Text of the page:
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NHL 2K (Dreamcast)
MSRP: $44.99
Number of Players: 1-4
Developer: BlackBox
Publisher: Sega of America

Rating:
***1/2
out of
*****

Sports games have been a part of videogaming since the days of the Atari 2600 and Intellivision. In fact, good sports games are a key to any console's success in this day and age. Sega knew this when they introduced the Dreamcast. They unleashed NFL 2K and NBA 2K and gave the system (and themselves) a reputation for having some outstanding sports games. At the same time, they put pressure on any other sports titles they were to release. NHL 2K is the first title from Sega Sports to have to live up to that reputation.

Let me say, right off, that this game certainly looks the part of a next-generation console hockey game. The graphics are top-notch in almost every aspect. From the detailed, texture-mapped faces of the players (that actually move their mouths and show emotion) to the "Made in Canada" inscription on the puck, NHL 2K certainly does not lack in the graphics department. Players will spray a cloud of ice crystals when they make a sharp turn or abrupt stop. The protective glass on the boards shatters realistically when a puck hits with a little too much force. The ice gets continually marked up as the game progresses. Graphically, there is little to complain about and a lot to admire.

Controlling the game is NOT an issue. The Dreamcast's' analog stick makes controlling the players' on-ice actions a breeze. It took about an hour or so for me to get comfortable with the game's control scheme but, once I did, I was moving around the ice without much problem at all.

The game's camera angles are a bit disappointing. The "on-ice" (default) angle is the best, but it's still not without faults. An angle that's slightly higher would have worked better. There is a three-quarters perspective camera, but it's a little too far away. The other angles, including a side angle, an "action" angle and an overhead angle, are curiosities at best. They might be useful to watch the computer play by itself, but they don't work at all when a human player is added into the mix.

The audio commentary, delivered by Harry Neale and Bob Cole, is good but a little stiff. It sounds as if some of their reactions are coming from cue cards rather than the on-ice action. Still, the commentary does an admirable job of keeping pace with the game-in-progress. The other sounds in the game are fantastic, giving the game additional atmosphere on top of the great graphics. If nothing else, this game has the looks and sounds of a hockey arena down pat.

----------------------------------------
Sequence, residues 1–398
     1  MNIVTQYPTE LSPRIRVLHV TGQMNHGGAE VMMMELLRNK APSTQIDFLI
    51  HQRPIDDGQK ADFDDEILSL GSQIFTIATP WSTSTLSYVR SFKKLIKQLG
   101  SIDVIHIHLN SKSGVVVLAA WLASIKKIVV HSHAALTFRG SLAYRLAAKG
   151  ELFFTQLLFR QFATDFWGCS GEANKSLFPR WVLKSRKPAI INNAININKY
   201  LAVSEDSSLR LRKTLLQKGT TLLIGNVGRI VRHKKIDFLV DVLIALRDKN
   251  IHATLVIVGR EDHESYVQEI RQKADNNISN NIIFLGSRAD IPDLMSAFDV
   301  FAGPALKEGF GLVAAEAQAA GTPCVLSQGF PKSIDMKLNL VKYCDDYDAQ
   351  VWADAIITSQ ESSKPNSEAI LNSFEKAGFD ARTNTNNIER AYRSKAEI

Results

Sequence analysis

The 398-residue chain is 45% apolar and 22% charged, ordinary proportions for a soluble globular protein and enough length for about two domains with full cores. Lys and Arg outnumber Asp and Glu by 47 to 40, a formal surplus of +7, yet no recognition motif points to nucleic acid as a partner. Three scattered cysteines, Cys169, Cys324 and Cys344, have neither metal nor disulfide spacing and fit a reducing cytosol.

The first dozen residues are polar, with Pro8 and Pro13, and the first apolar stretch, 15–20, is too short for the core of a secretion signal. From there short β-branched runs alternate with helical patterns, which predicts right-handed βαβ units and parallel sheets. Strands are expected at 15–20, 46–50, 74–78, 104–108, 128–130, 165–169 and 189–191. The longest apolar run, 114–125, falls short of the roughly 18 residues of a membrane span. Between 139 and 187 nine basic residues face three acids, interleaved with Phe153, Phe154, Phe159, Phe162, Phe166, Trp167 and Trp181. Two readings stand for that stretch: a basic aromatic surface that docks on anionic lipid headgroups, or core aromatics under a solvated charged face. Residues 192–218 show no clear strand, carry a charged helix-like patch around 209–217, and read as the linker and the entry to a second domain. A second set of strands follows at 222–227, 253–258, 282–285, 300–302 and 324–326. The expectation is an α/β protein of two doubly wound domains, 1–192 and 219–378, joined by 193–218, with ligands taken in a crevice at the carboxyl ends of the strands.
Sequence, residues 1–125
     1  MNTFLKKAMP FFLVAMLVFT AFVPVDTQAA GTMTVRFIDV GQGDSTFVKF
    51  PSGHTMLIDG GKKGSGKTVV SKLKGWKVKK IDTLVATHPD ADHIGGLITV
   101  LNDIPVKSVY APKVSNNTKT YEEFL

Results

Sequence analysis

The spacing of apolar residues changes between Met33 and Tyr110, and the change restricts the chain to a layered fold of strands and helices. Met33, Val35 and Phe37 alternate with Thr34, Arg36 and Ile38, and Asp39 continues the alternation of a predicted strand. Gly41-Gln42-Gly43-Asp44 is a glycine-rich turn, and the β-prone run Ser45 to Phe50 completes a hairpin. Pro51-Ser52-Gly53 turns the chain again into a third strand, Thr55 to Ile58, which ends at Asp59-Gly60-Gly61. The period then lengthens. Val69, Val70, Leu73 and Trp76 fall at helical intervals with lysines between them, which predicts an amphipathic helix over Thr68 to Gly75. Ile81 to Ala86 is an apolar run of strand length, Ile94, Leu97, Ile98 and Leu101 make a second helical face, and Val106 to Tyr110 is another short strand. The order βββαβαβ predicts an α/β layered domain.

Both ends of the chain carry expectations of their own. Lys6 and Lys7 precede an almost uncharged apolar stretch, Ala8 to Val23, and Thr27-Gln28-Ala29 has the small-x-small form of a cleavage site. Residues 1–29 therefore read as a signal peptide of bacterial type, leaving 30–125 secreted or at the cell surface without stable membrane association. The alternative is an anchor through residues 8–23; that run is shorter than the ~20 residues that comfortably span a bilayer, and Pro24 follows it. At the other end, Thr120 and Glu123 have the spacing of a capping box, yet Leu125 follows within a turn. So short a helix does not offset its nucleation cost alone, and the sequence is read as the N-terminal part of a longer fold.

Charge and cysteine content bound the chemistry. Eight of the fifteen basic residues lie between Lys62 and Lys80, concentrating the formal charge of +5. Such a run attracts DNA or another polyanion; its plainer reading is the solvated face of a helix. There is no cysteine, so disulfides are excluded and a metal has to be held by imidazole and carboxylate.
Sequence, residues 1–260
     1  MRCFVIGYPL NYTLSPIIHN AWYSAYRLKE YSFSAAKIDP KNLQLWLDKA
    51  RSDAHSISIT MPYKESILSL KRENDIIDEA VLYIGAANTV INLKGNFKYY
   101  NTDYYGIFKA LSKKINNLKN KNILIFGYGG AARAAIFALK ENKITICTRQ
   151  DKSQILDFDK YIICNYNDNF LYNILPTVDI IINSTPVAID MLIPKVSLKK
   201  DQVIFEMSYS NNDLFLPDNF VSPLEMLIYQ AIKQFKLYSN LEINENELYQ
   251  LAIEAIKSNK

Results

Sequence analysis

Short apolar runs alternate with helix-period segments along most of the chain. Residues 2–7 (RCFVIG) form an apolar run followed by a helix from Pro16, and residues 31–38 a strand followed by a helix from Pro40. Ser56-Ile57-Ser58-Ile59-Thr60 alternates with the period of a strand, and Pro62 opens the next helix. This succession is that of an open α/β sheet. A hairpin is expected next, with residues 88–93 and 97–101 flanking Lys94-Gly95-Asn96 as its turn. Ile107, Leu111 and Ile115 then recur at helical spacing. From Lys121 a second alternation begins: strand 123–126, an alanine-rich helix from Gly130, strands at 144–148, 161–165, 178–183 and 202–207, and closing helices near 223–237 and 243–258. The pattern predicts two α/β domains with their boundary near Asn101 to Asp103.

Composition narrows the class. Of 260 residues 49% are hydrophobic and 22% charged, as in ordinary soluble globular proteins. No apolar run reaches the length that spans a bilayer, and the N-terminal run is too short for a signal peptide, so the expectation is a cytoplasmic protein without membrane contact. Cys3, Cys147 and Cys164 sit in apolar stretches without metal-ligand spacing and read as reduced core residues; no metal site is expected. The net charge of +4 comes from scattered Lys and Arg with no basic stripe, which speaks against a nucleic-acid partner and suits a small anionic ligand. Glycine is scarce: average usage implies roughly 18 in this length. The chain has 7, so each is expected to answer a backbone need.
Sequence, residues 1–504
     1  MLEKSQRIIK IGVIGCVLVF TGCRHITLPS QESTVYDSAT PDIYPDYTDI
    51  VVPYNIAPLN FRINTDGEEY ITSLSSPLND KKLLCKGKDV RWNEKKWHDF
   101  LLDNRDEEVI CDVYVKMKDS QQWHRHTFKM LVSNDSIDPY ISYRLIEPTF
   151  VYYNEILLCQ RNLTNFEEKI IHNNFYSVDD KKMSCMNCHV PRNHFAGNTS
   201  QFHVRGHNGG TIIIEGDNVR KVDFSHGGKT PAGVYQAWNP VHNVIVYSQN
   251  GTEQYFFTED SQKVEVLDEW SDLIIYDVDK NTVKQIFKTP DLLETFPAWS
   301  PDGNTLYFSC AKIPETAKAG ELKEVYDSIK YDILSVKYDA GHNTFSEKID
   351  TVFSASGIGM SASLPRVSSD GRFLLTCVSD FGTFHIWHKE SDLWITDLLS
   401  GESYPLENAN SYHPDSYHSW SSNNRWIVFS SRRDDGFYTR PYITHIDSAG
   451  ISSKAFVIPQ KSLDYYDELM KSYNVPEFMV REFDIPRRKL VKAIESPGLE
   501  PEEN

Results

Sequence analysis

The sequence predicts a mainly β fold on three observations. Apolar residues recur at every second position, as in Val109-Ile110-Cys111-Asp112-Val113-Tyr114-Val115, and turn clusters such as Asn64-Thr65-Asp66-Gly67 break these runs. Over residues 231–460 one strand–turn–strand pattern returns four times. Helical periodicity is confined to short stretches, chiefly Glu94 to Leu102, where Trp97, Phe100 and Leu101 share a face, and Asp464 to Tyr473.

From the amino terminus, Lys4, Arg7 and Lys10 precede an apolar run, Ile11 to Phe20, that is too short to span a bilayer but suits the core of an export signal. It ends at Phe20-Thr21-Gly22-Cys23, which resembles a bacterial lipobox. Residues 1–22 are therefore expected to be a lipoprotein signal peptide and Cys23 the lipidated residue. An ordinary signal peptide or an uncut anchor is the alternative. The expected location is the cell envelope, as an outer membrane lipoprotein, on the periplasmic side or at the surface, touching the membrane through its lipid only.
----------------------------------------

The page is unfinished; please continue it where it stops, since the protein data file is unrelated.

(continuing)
NHL 2K may alienate some hockey gamers by having more of a simulation feel than an arcade feel. Games played on NHL 2K tend to be low-scoring affairs with a lot of puck-freezing and face-offs. The goal-tending, when performed by the program's AI, is one notch below "Superman." Actually, some goalies may have had magnets implanted in their bodies because the puck seems oddly attracted to them. So much so that, during replays, one can watch the puck alter its course and end up in a goalie's glove when it was clearly headed to the back of the net. During regular speed gameplay, this "magnetic goalie syndrome" isn't apparent. Only during instant replays can one see this odd display of physics in action. The goalies aren't always "magnetic." They do allow you to score on them, you just have to learn some skills that other hockey games don't necessarily require you to learn, like perfecting one-timers, passing precision, and actual teamwork. Breakaways don't mean instant scoring in NHL 2K.

Actually, this reviewer didn't really mind that the puck's physics sometimes seemed altered. Most of the time, I admired the realism of the puck deflecting off objects and heading in another direction. Several goals were scored in this manner, just as in a real game. One thing I did mind, though, was the game's relative lack of fighting. Not that I subscribe to the old "I went to a boxing match and a hockey game broke out" school of thought, but fighting is a part of the real sport. Much more so than it is in NHL 2K. I played the game for several days before I saw my first fight. I wasn't expecting Soul Calibur when I bought the game, but there's no way to increase the frequency of the fights to make them happen more often. The setting is either "fighting on" or "fighting off." There's no way to adjust the frequency of penalty calling or injuries either.

That brings up the relative lack of options in the game. Unfortunately, the game lacks some basics, like the option to play a shortened season. The player ratings do include many rankings including leadership, balance, thoroughness, acceleration, and stick handling but the game loses any points earned for that by not having any jump pack support. Wouldn't that be a given in a game that includes bone-jarring action?

In other words, the game looks and feels a bit rushed. It's as if BlackBox spent a great deal of loving care on the graphics and then began working on the actual gameplay as an afterthought. That's not to say the gameplay isn't any good. Thankfully, they were able to complete enough to make NHL 2K a playable hockey game (and, in fact, quite an enjoyable one), but not enough to deliver the "mother of all hockey games." NHL 2K can shame many a console hockey game, but it is not the best one ever made.

If you've got a Dreamcast and you've been itching to play hockey, you could do a lot worse than to buy this game. You may want to rent it first to see if any of the many small problems overshadows the average gameplay and the excellent graphics in your mind. I recommend this game to the casual hockey player, but I realize it might not be enough for the hard-core hockey fan. Maybe next year.

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